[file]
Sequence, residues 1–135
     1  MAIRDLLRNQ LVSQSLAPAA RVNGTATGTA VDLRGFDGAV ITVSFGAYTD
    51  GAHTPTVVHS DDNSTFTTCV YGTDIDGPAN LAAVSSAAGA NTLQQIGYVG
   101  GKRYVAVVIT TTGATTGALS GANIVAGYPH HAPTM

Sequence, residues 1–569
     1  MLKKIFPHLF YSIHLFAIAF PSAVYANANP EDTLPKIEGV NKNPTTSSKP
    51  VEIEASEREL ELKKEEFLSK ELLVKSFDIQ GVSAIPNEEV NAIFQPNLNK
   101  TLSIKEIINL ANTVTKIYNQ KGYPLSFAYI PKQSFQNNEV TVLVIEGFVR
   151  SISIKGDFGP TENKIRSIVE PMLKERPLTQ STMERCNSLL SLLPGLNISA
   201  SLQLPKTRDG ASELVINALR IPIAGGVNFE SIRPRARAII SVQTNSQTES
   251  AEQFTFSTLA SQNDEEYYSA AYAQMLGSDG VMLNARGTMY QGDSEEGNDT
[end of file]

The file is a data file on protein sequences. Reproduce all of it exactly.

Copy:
Sequence, residues 1–135
     1  MAIRDLLRNQ LVSQSLAPAA RVNGTATGTA VDLRGFDGAV ITVSFGAYTD
    51  GAHTPTVVHS DDNSTFTTCV YGTDIDGPAN LAAVSSAAGA NTLQQIGYVG
   101  GKRYVAVVIT TTGATTGALS GANIVAGYPH HAPTM

Sequence, residues 1–569
     1  MLKKIFPHLF YSIHLFAIAF PSAVYANANP EDTLPKIEGV NKNPTTSSKP
    51  VEIEASEREL ELKKEEFLSK ELLVKSFDIQ GVSAIPNEEV NAIFQPNLNK
   101  TLSIKEIINL ANTVTKIYNQ KGYPLSFAYI PKQSFQNNEV TVLVIEGFVR
   151  SISIKGDFGP TENKIRSIVE PMLKERPLTQ STMERCNSLL SLLPGLNISA
   201  SLQLPKTRDG ASELVINALR IPIAGGVNFE SIRPRARAII SVQTNSQTES
   251  AEQFTFSTLA SQNDEEYYSA AYAQMLGSDG VMLNARGTMY QGDSEEGNDT